Depressed? Your cellphone might be able to diagnose you

We take them to bed. We dine with them at our sides. We turn to them when we're bored, lonely, needy or procrastinating. It should come as no surprise that our smartphones -- those faithful companions we tote through life -- could detect whether depression has settled in for a stay.

New research conducted in a small group of adults has found that the sorts of information cellphones reveal -- how much you use them, how long you use them, where you are and how much and when you move around -- could be used to detect depression in their owners.

You just have to know what to look for.

study published Wednesday in the Journal of Medical Internet Research tracked 40 people ages 19 to 58 for two weeks. It found that, compared with people in good mental health, those with depressive symptoms are more likely to use their cellular device more frequently and for longer periods, to spend a lot of time in one place and to have a more erratic schedule of comings and goings.

Toted up, those behaviors were able to identify subjects with depressive symptoms with 87% accuracy, although the study's very small population of subjects makes such claims very preliminary.

The study's lead author, Northwestern University's David Mohr, said the potential value of such research would be to offer a non-intrusive way for people at risk of developing depression to have their mental well-being monitored in a measurable and objective way. It could potentially give them -- and their families, caregivers or physicians -- early warning of a depressive episode.

Mohr, director of the Center for Behavioral Intervention Technologies at Northwestern University's Feinberg School of Medicine, suggests that many with depression smile and gamely fumble their way through the day. But cellular devices can pick up on behaviors -- movements, phone use -- that may provide objective measurements of the social withdrawal, sleep disturbance, lethargy and lack of concentration that are hallmarks of depression.

Take daily use, for instance: The average daily use for depressed individuals was about 68 minutes, but for non-depressed individuals it was about 17 minutes. The researchers did not track how subjects used their phones, only that they were "interacting with" them.

Mohr suspects that those who spent the most time interacting with their phones weren't so much talking to friends or family; they were surfing the Web or playing games.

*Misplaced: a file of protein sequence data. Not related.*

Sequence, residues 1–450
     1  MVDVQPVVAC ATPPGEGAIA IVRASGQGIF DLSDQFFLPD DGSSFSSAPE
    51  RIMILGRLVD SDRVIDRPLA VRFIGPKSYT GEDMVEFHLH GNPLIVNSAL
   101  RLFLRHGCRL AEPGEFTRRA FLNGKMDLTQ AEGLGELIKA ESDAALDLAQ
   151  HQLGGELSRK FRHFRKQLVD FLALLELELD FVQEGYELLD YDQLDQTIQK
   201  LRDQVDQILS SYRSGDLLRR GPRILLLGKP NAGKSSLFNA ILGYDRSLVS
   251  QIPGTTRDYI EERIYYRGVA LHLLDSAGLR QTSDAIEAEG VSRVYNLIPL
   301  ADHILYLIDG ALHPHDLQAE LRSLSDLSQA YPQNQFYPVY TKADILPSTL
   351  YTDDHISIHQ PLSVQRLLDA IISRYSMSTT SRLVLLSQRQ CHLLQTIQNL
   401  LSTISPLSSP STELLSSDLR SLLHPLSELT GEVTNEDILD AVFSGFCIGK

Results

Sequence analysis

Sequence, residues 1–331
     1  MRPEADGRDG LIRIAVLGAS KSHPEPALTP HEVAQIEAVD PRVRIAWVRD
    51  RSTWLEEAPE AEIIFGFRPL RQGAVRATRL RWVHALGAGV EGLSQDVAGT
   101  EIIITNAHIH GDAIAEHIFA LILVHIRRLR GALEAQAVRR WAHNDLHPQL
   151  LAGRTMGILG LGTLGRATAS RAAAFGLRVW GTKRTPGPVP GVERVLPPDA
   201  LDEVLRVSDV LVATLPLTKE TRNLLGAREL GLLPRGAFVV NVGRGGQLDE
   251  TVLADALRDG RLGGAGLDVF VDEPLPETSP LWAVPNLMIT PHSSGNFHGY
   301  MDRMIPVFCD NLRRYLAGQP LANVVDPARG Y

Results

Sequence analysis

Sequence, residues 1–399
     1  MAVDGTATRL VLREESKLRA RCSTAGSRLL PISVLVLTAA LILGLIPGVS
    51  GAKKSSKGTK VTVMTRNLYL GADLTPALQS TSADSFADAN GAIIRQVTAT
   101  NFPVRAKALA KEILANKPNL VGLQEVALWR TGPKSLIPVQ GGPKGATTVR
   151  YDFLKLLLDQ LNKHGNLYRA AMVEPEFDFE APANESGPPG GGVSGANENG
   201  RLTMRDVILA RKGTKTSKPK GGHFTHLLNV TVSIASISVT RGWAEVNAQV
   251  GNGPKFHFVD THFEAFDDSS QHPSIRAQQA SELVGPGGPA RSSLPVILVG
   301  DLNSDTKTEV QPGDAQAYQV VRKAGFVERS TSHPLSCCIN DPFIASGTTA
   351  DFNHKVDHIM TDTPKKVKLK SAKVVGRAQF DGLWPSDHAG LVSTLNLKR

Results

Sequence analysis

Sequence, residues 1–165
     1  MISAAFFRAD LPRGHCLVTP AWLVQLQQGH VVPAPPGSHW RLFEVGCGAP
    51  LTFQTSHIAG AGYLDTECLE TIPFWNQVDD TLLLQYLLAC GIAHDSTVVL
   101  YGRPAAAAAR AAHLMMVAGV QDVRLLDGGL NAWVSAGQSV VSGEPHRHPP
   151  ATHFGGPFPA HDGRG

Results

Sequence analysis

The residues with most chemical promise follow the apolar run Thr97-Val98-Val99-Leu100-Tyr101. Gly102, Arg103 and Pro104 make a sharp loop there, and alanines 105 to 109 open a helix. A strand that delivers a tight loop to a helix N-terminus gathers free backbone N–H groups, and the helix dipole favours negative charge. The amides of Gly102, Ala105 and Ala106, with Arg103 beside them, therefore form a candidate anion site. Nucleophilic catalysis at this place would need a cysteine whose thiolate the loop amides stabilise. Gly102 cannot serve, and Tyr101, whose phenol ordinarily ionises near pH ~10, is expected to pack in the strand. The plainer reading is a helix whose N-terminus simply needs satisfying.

“People are likely, when on their phones, to avoid thinking about things that are troubling, painful feelings or difficult relationships,” he said. “It’s an avoidance behavior we see in depression.”

Similarly, the longer periods spent at home and a small number of other familiar places suggest both lethargy and social withdrawal -- bellwethers of depression. Coming and going -- say, to work -- on a highly variable schedule may also reflect sleep disturbance or flagging motivation -- also depressive symptoms.

In addition to measuring subjects's depressive symptoms with a standardized diagnostic inventory, the study authors devised an Android app, called Purple Robot, that stores and forwards data collected by most cellphones. They had 40 subjects download it and keep their phones charged and with them for two weeks.

Spotty data delivery winnowed the size of the study. In the end, data from just 28 of those subjects (14 of whom were judged to have depression ranging from mild to severe) were used in the analysis.

The study subjects were also asked daily to rate their mood. Assuming their scores from the standardized depression inventory was the most accurate reflection of subjects' depression, the authors found that the smartphone data more reliably detected depression than did subjects' answers to the daily requests to assess their mood.

In short, subjects weren't so candid about whether they were depressed. But their cellphones knew.

Far larger populations will be needed to refine a phone-based early-warning system for depression. But Mohr and his coauthors are already interested in exploring whether the depressive behaviors detected by cellphones could offer a guide to turning negative emotional states around as well.

“We will see if we can reduce symptoms of depression by encouraging people to visit more locations throughout the day, have a more regular routine, spend more time in a variety of places or reduce mobile phone use,” said Sohrob Saeb, a postdoctoral fellow and computer scientist in preventive medicine at Feinberg.

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